What are plant-based milks?

Ever wonder what plant-based milks are? You can't milk a plant so where do they come from? You can quench you thirst for plant-based milk knowledge by having a quick read of the below.

Whether you’re dairy-free or not, plant-based milks could be something you’ve used or considered using.

Let’s delve into the what and why of plant milks and get into the specifics of these milks for you.

What are plant milks?

At their core, plant milks are a combination of water and a plant base, be it a grain, a nut or even a bean (say what?).

There may also be some extra ingredients added, depending on whether its store bought or home-made.

Why use plant milk?

    Here are a few plant based milk varieties for you to look out for and try if you want to and remember the key is finding one that you like and can drink daily if you need to.

    Soy milk

    Perhaps the first milk a lot of people will consider when opting to reduce dairy is soy, as it’s readily available in supermarkets and health food stores.

    Soy is high in protein, fibre and essential fatty acids as well as many minerals including iron and calcium, plus Vitamins, B1, B2, B6, E and Folate.

    It has also been shown to reduce levels of LDL (‘bad’) cholesterol, lower the risk of osteoporosis and even menopausal symptoms.

    Soy is a common allergen and should be avoided by those with known or suspected allergies.

    Oat milk

    Of all the plant milks in this article, Oat milk is the highest in fibre and contains calcium, iron, manganese, selenium and Vitamin B1.

    Oats have properties that support the nervous system, can lower cholesterol, and a whole host of other benefits.

    Oats should be avoided on a gluten-free diet as they are often processed with wheat and also contain a protein, avenin, which is similar to gluten.

    Coconut milk

    Perhaps not one that is often thought of for using in normal and frozen smoothies.

    Not to be confused with sweet-tasting coconut water, coconut milk is made from the meat of the coconut and has a creamy taste.

    Coconut milk is almost exclusively fat, although it does still contain a small amount of fibre.

    This is often used for those on a ketogenic diet as a way to reach their daily fat requirements.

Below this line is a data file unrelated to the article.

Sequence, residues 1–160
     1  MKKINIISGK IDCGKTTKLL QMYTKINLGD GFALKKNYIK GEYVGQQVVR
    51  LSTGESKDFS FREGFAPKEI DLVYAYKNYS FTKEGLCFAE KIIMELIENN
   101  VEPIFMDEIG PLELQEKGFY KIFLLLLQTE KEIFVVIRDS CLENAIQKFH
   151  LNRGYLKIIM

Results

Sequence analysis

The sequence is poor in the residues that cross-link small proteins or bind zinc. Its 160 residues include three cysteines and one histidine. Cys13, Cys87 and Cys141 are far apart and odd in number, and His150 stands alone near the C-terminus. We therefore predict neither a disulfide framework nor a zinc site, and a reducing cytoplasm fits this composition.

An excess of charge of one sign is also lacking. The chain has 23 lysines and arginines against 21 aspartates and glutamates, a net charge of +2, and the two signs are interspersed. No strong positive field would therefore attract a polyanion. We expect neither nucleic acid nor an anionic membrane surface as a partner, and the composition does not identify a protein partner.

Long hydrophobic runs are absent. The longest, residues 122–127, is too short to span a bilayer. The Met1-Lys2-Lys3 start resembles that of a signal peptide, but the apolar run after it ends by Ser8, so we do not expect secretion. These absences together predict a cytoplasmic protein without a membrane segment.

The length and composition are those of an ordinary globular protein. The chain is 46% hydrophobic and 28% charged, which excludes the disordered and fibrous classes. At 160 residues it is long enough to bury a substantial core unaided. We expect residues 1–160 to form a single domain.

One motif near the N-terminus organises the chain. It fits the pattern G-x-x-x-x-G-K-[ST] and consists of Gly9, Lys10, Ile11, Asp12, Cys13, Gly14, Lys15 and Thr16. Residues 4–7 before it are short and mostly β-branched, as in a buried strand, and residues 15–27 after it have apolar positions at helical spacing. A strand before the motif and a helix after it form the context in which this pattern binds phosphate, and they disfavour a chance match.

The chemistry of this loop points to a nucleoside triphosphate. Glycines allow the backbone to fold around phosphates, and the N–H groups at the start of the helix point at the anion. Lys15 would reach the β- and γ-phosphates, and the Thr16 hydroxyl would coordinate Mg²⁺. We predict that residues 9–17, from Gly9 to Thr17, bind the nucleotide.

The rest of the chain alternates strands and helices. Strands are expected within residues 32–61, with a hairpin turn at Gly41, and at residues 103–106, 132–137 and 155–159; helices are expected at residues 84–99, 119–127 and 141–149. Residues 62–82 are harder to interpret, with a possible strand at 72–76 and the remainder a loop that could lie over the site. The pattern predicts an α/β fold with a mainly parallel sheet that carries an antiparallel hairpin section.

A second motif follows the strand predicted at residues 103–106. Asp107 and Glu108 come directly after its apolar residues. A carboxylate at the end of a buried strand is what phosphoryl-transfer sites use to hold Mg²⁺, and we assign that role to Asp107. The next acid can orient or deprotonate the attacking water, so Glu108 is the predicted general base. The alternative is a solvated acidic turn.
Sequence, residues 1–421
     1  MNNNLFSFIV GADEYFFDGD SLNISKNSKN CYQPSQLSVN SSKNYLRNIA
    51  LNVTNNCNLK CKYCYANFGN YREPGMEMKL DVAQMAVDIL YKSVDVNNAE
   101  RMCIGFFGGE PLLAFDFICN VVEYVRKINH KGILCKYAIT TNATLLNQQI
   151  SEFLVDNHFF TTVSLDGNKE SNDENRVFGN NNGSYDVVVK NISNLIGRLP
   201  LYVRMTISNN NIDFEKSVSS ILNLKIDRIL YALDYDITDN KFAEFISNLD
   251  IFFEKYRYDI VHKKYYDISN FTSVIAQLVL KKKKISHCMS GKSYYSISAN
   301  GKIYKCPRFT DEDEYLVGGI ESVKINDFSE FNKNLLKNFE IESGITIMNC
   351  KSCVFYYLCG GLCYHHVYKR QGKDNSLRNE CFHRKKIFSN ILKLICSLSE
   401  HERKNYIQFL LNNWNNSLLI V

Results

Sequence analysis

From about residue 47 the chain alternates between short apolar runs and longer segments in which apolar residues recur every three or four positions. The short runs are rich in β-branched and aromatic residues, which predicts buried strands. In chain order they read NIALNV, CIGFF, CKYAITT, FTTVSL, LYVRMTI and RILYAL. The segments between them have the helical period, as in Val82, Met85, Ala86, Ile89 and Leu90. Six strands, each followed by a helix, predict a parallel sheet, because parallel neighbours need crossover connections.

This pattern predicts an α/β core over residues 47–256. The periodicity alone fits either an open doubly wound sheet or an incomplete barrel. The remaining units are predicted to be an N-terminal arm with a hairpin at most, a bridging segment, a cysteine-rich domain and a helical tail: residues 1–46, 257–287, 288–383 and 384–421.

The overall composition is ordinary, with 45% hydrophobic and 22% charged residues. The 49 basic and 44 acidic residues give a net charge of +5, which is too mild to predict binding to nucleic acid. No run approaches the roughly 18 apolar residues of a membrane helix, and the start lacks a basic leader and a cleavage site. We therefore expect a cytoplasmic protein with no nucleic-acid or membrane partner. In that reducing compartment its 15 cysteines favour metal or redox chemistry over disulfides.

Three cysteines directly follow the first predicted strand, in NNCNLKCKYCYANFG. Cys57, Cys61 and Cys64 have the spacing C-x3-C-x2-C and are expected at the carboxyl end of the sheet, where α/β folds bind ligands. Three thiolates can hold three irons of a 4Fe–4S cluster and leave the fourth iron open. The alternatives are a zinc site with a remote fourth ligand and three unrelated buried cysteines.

Part of the fats are medium chain triglycerides and these are antimicrobial, can prevent weight gain and increase satiety.

    Also present are vitamins B3, B5, B6, C, Folate, plus the minerals manganese, iron and copper.

    For those on a low-calorie and/or fat-restricted diet, you may want to consider an alternative to coconut milk.

    Almond milk

    Almond milk is relatively easy to get your hands on in a supermarket, or to make yourself.

    It contains protein, fibre and essential fats.

    It is also high in antioxidants, contains magnesium, manganese, calcium and other minerals, plus vitamins B2 and E.

    Almonds can lower LDL cholesterol, reduce inflammation and can help regulate blood sugar.

    Those with a history of gout and kidney stones may avoid almond milk due to the oxalate content.

    Of course, if you do have a nut allergy, you’ll need to steer clear.

    But how do you milk an almond?

    Interesting question!

    It’s a little different to how we get milk from cows and other mammals.

    Here’s a handy little almond milk recipe for you to try;

    1. Pre-soak 2 cups of almonds in water overnight
    2. Discard the water, then blend the almonds with 1L of fresh water
    3. Filter the liquid through a nut milk bag
    4. Enjoy your delicious plant milk!

      Feel free to get a bit fancy here - try adding a pinch of salt or vanilla, perhaps even some raw honey or include as your frozen smoothie base.

      Post a photo if you end up making this to to our Instagram and tag us (@supercubes) or it doesn’t count!

      What to look out for?

      With all of these plant-based milks around you need to be wary when buying store bought milk, make sure to check the labels for any added nasties such as;

      • Added sugar
      • Carageenan
      • Maltodextrin
      • Natural flavour

        Where to go from here?

        You can buy a plant-based milk from many different shops (after you read the label of course, see above) or you can make your own as there are plenty of recipes online to make all sorts of milks.

        You could even make macadamia, cashew, hemp or pumpkin seed milk!

        So which milk are you going to try? Do you dare make your own?

        Let us know on our Facebook page or in the comments on our Instagram account too and while you’re there, why not give us a like or a follow too!

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